It could have all gone so horribly wrong. The pre-1967 Stones weren't known for their subtlety after all and will go back to being their usual direct selves as soon as the kaftans have dropped off at the end of 1967 after 'Satanic Majesties'. But, great as that album is too, 'Buttons' isn't quite as relentlessly 'up' itself as that record, simultaneously (a word you'll be hearing a lot in this review) reminding us where the Stones came from as well as showing us more than a glimmer of the summer of love horizon a mere harsh winter away. Those who say the Stones could never 'do' psychedelia seem to be under the illusion that the summer of love was all about peace and flowers. Actually much of the most successful and popular music released in that eras (by The Who, Jefferson Airplane, Jimi Hendrix and Pink Floyd among others) is incredibly dark, inspired by drugs that exaggerate everything, the good and the bad, all in one confusing mixture. The Stones might not have had the reputation for being 'that' kind of a drug band - Brian and Keith getting caught up in harder drugs before most bands had latched onto the lighter stuff - but 'Buttons' may well be the ultimate acid album (after all, it contains the lines 'something happened to me, something oh so groovy!'...) Tracks speed up and slow down, multiple Stones pass each other as songs seem to go inside out, ballads suddenly turn into stinging rockers halfway through and evil hangs in the air even on the songs where the band are being nice, whereas the band aren't really being as 'nice' as they sound even on the prettier tunes. People assume that the Stones never ever did psychedelia properly but they would surely be wrong: I defy anyone to listen to 'My Obsession', a track surely inspired to go 'all out' by the fact Brian Wilson was guesting at the session during a break from making 'Smile', without acknowledging that the Stones got 'it' - that pre-Peppers, pre-summer of love occasionally self-indulgent twaddle that hippiedom at its worst became but at its best was really pushing back the envelope of how music was made and how we listened to it. At its best psychedelia is tough and brittle and loaded with guilt and childhood misery, the need for love and peace coming from a guttural howl inside as memories of a war-strewn childhood of distant and absent relatives come to the fore. Syd Barrett may have been an even greater creator of this innocence/dread double-header, but the Stones are better at juggling the atmospheres all at the same time on (nearly) every track on this album.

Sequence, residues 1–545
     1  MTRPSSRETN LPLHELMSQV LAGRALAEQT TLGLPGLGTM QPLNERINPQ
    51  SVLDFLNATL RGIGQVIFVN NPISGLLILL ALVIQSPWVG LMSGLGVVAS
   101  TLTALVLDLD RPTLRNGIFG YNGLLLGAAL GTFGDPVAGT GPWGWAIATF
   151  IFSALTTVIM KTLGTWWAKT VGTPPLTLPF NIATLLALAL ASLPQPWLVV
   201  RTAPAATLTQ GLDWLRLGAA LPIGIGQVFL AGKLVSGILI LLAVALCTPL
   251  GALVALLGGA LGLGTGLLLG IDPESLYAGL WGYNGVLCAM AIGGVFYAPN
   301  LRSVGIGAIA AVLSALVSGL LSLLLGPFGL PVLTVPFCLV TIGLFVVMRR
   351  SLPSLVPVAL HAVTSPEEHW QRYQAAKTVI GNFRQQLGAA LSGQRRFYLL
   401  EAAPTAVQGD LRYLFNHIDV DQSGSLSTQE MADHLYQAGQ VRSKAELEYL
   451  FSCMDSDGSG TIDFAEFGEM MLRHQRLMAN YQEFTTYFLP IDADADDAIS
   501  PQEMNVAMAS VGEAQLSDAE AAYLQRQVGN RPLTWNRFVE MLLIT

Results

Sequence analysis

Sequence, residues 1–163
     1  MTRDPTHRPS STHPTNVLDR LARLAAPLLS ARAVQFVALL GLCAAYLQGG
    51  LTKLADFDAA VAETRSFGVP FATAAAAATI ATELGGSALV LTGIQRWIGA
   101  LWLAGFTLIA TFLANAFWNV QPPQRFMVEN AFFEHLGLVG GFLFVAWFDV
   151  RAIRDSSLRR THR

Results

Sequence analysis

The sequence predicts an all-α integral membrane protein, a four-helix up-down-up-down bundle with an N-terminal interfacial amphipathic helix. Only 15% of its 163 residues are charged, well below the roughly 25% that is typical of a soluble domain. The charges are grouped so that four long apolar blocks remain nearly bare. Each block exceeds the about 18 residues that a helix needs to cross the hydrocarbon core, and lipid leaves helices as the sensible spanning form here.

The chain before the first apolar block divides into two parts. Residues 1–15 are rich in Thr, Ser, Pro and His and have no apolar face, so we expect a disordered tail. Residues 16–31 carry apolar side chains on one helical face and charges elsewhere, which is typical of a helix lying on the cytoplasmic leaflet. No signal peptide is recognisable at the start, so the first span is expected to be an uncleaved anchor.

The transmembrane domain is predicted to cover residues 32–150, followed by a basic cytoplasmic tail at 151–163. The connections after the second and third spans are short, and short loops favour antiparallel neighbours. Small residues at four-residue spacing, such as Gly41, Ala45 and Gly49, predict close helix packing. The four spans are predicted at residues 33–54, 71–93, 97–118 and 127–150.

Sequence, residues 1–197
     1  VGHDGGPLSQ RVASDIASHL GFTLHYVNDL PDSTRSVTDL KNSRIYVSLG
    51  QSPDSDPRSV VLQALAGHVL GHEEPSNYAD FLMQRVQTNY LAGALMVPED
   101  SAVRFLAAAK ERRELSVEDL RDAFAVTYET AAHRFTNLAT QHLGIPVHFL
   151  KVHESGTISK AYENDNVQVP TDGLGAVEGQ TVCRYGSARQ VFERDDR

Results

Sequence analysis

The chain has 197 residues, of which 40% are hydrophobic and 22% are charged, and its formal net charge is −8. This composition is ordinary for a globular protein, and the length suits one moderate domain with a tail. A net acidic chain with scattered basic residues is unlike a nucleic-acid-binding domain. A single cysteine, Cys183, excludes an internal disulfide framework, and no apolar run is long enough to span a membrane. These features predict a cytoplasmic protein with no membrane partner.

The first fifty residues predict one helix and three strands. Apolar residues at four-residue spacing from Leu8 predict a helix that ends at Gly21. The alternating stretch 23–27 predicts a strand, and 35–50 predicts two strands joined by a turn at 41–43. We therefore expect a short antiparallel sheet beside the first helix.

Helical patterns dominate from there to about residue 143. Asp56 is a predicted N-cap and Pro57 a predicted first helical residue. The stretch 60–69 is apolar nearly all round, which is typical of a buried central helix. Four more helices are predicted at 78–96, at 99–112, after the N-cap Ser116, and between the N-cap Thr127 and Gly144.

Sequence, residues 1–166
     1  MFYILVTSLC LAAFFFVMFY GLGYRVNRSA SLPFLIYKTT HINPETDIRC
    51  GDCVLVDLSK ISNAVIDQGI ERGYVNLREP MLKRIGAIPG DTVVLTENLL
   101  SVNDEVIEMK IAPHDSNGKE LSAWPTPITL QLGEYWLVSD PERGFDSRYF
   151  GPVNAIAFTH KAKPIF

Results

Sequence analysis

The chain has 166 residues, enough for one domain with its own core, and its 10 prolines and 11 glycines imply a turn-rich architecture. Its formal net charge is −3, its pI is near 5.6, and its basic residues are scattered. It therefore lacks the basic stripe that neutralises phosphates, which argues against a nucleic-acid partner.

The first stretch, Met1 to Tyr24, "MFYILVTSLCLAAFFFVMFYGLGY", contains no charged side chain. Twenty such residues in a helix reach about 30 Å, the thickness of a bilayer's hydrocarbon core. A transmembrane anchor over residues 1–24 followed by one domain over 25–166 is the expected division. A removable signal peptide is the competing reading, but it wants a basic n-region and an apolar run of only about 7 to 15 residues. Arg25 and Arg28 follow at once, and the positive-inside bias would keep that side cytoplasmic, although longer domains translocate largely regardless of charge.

More than any other Stones LP, this is Mick Jagger's shining moment. To convey all these conflicting emotions at once he has to be everything on this album of wolves in sheep's clothing and he is, superbly, all of the many different facets of the characters posed in song and more. So direct does Mick sound at times that it's almost as if he's in the room, leering, staring out the listener with a demonic grin on his face, a full two years-ish before  'Sympathy For The Devil'. But at other times he's playing characters, roles within roles full of balance and characterisation he'll barely come close to again. 'Yesterday's Papers' and 'Backstreet Girl' improve on the lazy insults of 'Under My Thumb' and 'Stupid Girl' by sounding as if Mick's paying his loved one a compliment, over songs so pretty you can't help but fall in love with them yourself. Dig under the surface, though, and he’s being as cruel as ever he was on ‘Aftermath’: his girl belongs to yesterday, he wants to exploit her but doesn’t care what she thinks, wants to hide her from everyday life for him to enjoy in private. Of all the bastards around in the summer of love it’s the narrators here that win this award – and yet these songs sound so sweet, charming and romantic that you forgive them because you know that the narrator is capable of sweetness and kindness too (or how else would this music have been written?) By contrast, 'She Smiled Sweetly' is one of the sweetest, lightest, giggliest with love lyrics Mick ever wrote (almost certainly his first love song for Marianne Faithful, who he hooked up with at the end of 1966) - but Keith's melody for it is distant, bitter, snarling and Bill Wyman's bass part throughout the recording is so angular and awkward it makes Mick sound like a serial killer, his pleas of kindness falling on death ears as we suspect his kisses are deadly.